Additionally, anabolic steroids may be recommended for adult men experiencing testicular dysfunction. However, it is essential to keep in mind that these are genuine medical conditions and the drug is being used under a doctor’s supervision. The law prohibits health care practitioners from recommending or prescribing that a patient used steroids for the purpose of enhancing athletic performance.
Effects of Steroids
Synthetic steroids are powerful hormones that influence a person’s entire system. A particular group of side effects are seen in virtually every person who uses steroids, regardless of his or her age, gender or reason for use. Certain of the side effects can be especially severe, up to and including those that are fatal in nature. Below are some commonly experienced side effects in men:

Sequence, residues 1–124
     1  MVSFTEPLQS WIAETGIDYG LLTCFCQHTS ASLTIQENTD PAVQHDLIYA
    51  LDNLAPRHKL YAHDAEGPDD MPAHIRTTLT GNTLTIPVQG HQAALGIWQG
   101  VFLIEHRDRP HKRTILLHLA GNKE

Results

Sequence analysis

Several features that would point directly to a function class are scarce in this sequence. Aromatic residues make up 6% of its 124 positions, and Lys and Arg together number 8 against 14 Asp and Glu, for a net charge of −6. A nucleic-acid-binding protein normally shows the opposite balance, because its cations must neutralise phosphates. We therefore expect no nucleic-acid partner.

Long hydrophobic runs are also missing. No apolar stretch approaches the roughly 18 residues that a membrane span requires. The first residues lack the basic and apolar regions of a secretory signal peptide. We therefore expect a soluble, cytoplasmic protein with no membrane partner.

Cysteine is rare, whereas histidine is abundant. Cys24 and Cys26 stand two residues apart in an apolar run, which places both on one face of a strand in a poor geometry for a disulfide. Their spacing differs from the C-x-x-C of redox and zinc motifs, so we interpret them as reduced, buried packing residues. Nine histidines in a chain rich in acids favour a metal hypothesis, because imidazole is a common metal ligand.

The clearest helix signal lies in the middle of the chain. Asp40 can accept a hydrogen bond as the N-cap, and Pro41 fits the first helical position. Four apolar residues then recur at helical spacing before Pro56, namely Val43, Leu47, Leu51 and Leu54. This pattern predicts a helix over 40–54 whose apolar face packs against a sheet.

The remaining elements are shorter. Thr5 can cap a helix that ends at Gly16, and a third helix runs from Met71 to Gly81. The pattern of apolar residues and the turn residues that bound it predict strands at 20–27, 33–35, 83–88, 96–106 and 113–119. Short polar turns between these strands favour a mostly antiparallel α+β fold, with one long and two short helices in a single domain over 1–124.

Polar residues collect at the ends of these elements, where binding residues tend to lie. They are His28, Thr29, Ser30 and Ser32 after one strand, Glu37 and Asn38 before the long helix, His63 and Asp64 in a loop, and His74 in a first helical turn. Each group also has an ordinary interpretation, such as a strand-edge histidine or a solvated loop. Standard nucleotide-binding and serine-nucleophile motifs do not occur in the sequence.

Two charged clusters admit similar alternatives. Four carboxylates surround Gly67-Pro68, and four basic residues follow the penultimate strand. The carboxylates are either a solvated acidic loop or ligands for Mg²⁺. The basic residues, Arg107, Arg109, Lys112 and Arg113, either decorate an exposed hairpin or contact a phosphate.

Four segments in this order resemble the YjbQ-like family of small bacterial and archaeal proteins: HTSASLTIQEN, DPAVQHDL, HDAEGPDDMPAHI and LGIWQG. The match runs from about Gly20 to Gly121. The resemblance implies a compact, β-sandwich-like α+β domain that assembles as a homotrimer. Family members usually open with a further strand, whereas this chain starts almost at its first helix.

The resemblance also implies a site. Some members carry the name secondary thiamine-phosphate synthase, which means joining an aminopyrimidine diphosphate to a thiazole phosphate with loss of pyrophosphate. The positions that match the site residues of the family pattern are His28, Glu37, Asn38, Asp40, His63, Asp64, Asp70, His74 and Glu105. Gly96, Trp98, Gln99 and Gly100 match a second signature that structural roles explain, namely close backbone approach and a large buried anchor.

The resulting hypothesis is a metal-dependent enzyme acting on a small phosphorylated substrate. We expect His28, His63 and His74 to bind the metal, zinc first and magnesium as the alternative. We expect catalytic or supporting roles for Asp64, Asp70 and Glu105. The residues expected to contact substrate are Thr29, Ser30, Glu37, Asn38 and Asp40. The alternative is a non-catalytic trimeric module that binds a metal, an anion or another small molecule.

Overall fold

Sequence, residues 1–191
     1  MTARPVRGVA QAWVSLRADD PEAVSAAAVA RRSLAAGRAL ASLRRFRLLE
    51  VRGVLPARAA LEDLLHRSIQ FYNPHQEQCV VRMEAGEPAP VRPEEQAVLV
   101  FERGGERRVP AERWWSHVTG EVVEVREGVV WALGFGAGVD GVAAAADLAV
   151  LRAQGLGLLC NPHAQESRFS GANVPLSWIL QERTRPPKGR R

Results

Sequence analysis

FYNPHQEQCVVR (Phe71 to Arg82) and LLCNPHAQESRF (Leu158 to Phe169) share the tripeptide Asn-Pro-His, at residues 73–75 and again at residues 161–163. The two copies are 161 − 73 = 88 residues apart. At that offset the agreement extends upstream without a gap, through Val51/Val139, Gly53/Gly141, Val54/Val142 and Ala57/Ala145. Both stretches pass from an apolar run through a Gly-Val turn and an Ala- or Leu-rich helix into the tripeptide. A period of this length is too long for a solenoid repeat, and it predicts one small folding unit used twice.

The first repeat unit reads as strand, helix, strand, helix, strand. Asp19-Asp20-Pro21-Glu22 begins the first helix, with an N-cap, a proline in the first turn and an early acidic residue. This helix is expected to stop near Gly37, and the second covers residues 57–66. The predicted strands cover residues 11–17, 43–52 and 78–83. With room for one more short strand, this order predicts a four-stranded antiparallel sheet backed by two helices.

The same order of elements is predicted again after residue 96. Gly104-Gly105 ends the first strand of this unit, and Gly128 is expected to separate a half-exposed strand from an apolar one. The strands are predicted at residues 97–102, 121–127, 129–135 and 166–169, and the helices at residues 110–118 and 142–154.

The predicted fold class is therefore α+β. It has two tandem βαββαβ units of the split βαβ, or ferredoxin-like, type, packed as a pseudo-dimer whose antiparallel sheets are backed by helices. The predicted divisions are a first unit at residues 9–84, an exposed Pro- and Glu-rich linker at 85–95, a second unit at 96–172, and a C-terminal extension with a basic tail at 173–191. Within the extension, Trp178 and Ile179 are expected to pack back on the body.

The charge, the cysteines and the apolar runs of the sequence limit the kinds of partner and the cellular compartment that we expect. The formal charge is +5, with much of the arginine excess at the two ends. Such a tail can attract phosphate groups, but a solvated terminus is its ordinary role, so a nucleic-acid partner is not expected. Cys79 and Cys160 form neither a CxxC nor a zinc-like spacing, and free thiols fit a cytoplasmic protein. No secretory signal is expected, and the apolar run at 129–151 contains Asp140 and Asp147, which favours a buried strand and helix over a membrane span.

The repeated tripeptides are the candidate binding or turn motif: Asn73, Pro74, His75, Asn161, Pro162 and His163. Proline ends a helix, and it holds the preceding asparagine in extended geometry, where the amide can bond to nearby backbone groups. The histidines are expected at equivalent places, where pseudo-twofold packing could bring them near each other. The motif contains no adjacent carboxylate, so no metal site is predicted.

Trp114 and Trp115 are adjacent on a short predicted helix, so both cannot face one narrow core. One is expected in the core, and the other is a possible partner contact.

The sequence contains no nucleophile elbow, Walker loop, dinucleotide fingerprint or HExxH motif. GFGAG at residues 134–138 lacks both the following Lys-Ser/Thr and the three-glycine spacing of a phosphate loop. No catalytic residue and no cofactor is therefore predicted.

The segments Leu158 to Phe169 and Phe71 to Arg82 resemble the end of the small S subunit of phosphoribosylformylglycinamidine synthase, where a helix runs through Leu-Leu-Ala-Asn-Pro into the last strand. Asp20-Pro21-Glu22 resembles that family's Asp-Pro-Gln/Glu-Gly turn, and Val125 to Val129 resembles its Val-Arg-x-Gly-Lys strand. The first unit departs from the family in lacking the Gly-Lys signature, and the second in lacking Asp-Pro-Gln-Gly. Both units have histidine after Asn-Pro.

- Increased sex drive
- Development of female breasts
- Decreased sperm count
- Total infertility
- Painful erections
- Decrease in testicle size
- Enlarged prostate gland
Below are the side effects most commonly seen in women:
- Irregular menstrual cycle
- Growth of male-pattern facial hair
- Deepening of the voice
- Reduced breast size
- Multiple pregnancies
In addition, both men and women may suffer from:
- Violent mood swings
- Enlarged heart
- Liver disease
- Cardiac arrest or irregular heartbeat
- Torn or unstable tendons
Those using steroids under the age of 18 place themselves at an increased risk of slow bone development and teenage girls may develop long-term masculine characteristics.